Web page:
9. phil s

    phil s Active Member

    Hi George. I am a recent grad.My initial post made reference to the scope of patient caseloads I have taken on just after graduation. In discussion with all my fellow grads that have stayed in the UK, they seem to be only allowed to manage low-risk and basic care: and from there outlook they think this may be the case for the next few years. A few fellow grads feel they are being kept down by the specialists/superiors because the want to protect/keep there own jobs. I am wanting to plan where my future will be best developed for myself and my patients. I am fully aware that NHS podiatry services has allowed pods to specialize. Please don't read my posts as antagonistic: I am genuinely wanting to be the best podiatrist I can be. But my concern is that I want to be supported and not held down by my fellow pods and I am willing the end up in the country that best serves this.
    Last edited: Jan 31, 2014
  10. phil s

    phil s Active Member

    It seems like this post is going to descend into a silly "Dr" "Mr" argument. If anyone has some friendly advice please message me. Thank you.
  11. simonf

    simonf Active Member


    I didn't really answer your post earlier, I was just responding to one of kevins comments.

    It's quite a long time since I was a new grad and the world is a different place. I was lucky enough to be in the NHS as a new grad at a time of massive widening of the scope of practice, and development for the UK profession. I was lucky to work in a variety of specialist areas, including biomechanics, diabetic care, mental health and minor surgery, I even spent a few years running a session in A&E.

    I found myself as one of the early grads of the SCP surgical training program. The NHS has been good to me, but I can see that the opportunities I had may not be so easy to get these days.

    I found Canadian private practice interesting, and for the most part found it engaging, although having been used to wide scope of practice I had some frustration that I could not offer patients all my skills. If you are after a work life balance, then I would suggest you are in a decent place, most canadian pods that I know make a nice living and if you develop your skills and demonstrate these you will command respect from patients and fellow professionals.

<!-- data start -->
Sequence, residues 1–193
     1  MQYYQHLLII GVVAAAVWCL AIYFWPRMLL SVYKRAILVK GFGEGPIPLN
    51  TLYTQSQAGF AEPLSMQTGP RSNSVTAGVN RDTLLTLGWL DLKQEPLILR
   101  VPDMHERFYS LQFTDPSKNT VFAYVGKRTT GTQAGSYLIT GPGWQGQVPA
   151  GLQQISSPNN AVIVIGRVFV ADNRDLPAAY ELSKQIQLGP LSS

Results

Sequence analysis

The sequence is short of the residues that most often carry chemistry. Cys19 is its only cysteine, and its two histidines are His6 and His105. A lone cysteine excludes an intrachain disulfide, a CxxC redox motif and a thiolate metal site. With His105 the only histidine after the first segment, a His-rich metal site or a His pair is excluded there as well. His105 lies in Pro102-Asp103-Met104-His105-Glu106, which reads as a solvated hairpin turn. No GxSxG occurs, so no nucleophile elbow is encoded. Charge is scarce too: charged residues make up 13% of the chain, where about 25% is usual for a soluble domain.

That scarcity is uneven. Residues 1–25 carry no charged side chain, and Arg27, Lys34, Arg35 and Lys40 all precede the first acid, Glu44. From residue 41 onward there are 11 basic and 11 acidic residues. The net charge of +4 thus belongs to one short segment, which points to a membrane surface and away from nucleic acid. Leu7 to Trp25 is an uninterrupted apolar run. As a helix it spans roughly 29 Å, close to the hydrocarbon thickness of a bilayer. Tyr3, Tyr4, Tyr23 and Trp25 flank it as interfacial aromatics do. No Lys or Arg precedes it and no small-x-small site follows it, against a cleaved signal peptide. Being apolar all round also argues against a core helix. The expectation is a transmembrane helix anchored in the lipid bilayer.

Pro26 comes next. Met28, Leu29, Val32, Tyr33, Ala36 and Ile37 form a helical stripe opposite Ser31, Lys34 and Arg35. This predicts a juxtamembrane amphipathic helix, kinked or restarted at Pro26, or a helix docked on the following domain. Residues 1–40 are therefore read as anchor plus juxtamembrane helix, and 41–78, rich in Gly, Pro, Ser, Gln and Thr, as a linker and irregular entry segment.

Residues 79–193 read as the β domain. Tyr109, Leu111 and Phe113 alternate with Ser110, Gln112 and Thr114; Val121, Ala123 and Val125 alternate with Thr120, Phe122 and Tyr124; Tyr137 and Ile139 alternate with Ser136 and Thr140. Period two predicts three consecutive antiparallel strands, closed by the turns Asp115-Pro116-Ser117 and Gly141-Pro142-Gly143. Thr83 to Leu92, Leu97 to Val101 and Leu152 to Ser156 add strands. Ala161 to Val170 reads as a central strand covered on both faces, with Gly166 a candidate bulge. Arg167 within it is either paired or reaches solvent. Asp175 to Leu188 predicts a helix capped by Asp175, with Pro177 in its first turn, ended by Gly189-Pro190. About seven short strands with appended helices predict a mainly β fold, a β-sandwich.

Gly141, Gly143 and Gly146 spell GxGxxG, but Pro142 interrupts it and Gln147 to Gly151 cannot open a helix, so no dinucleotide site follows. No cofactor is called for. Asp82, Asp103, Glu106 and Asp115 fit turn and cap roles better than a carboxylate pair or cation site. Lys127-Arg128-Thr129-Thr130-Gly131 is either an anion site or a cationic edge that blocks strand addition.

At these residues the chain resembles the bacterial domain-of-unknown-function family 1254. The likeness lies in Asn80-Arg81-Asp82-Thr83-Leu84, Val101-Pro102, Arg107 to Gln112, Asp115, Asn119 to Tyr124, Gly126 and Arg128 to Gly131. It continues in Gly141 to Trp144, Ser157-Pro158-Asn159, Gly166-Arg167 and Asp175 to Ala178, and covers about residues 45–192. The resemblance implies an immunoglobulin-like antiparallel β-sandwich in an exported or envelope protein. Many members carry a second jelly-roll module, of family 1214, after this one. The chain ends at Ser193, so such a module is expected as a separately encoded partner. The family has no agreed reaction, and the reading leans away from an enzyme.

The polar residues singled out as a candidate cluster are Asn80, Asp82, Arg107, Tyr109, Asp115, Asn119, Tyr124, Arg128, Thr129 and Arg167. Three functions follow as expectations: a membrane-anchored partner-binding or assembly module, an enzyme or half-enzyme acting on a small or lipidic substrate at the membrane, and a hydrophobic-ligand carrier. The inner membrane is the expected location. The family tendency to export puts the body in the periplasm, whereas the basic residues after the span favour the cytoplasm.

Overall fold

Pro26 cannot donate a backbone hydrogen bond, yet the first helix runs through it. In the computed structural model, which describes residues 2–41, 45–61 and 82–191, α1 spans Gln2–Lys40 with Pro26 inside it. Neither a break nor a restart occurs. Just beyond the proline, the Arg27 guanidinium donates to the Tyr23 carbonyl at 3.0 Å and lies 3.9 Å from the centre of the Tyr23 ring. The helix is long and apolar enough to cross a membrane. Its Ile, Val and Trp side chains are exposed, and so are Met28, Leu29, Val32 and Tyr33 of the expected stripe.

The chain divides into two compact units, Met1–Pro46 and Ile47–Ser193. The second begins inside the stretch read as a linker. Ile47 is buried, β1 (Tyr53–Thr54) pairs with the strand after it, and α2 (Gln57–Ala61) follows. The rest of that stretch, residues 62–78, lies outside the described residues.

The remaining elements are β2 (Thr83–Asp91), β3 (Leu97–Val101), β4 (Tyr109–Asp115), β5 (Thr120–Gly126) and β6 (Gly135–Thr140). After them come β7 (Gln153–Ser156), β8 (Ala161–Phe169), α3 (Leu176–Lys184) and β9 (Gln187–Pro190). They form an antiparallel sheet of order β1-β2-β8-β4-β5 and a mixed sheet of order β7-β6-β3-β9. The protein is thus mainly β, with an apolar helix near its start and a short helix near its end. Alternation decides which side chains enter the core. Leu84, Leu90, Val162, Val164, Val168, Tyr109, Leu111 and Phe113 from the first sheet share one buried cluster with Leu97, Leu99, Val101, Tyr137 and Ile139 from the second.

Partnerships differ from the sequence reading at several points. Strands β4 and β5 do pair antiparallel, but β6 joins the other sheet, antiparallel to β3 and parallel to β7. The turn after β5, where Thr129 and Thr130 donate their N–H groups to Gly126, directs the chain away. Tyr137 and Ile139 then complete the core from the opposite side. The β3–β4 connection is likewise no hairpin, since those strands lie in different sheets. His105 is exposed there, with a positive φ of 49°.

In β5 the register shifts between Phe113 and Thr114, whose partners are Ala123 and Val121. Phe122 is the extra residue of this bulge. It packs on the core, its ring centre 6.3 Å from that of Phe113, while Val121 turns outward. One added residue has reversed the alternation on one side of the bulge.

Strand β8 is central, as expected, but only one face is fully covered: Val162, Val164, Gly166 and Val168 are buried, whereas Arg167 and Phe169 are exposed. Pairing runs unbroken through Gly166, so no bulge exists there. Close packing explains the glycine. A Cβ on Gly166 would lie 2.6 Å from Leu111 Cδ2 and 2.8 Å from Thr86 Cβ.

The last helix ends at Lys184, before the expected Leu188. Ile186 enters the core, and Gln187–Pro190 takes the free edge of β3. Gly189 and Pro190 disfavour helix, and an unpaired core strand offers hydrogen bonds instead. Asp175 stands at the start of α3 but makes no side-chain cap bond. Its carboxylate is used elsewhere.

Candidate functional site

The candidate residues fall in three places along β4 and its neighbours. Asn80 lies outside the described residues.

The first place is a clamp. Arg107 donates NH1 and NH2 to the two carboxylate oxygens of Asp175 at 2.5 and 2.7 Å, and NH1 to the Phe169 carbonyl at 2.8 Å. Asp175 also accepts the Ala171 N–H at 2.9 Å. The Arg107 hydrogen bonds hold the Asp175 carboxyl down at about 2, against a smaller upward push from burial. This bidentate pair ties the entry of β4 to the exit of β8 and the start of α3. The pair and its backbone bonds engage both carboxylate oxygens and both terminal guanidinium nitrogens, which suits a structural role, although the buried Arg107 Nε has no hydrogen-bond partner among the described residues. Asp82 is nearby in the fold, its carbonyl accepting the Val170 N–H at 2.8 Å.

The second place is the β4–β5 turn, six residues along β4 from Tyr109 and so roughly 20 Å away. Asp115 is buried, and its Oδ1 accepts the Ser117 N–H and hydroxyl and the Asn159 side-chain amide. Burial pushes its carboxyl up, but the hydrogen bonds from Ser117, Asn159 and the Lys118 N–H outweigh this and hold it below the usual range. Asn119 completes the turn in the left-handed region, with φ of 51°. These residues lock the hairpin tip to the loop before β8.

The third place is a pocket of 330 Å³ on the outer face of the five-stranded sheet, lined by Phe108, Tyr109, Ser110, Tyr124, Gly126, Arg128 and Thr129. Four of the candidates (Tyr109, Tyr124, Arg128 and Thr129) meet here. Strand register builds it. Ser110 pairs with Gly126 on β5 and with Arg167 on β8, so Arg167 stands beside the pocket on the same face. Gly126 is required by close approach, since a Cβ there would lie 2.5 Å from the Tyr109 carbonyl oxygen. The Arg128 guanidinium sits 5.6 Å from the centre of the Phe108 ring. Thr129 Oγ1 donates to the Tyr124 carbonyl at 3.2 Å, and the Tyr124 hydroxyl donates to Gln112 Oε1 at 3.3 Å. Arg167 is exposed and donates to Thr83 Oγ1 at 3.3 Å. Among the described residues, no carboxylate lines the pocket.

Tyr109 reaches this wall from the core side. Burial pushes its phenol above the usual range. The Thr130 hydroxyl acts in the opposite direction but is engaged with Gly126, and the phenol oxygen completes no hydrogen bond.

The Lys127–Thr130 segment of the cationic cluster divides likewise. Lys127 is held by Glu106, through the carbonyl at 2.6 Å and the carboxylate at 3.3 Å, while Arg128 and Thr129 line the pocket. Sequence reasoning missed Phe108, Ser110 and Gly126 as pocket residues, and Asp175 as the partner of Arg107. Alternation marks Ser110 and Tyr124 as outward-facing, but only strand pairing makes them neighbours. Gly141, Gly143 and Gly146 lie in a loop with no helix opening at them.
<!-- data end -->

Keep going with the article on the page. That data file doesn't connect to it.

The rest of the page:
12. myFootDr Singapore

    myFootDr Singapore Welcome New Poster

    Hey there Phil,

    Singapore is actually an awesome place to work if you are after a great podiatry gig in Asia. Singapore is easy Asia. You get the perks of living in an established economy, shopping mecca of Asia, high pay scale, but you are close enough to the likes of Indonesia (Bali), Thailand, Vietnam etc. Ive been in Asia almost 10yrs now and worked all over Asia as a pod. Living in Singapore allows you to work and travel all at the same time. some really good weekend trips out of town. plus its close to Japan if you love your snowboarding. awesome powder in Niseko. Singapore is one of the cleanest cities in the world and if it isn't the safest, it has to be up there with the top 3 safest places to live in the world. From a podiatry perspective, in my clinic, we have a huge focus on sports medicine. We still do some PNA's/TNA's, wound care and the other general podiatry, but the majority of what i do is sports medicine and second would be paediatrics. anything ranging from tip toe walker to intoeing. When i say sports medicine as well, i don't just mean orthotics. we focus on the rehab side of things too. i have our clinic filled to the brim with rehab equipment ranging from a TRX to a mini trampoline and bosu ball and agility ladders through to simple theraband. We take patients from acute injury/post surgery through to full participation in their chosen sport/s. We incorporate orthotic therapy, functional exercise, rehab (anything from mobilisations/manipulations/soft tissue work/dry needling/exercises etc) through to actually teaching running technique one on one/or groups at the local running track. In our clinic we also do bike fittings, video bike analysis and orthotics designed just for cyclists. We also have tremendous respect from our medical colleagues. We receive referrals from physios, chiros, orthos, naturopaths, gp's, endocrinologists, osteopaths...the list goes on. We work closely with them as well to ensure each patient is treated as part of a team. We can also refer for Xray, U/S, MRI etc. So from a satisfaction perspective, we have a broad scope of practice to offer, but for the sports orientated pod...we can teach them lots too. Because of the demand for our services we can't actually keep up, we are currently looking for good podiatrists to joint our my FootDr Singapore team. Feel free to contact me if you need more info on Singapore/Asia Phil or if you know anyone looking for a podiatry gig, my email is: matt.herd@myfootdr.com.sg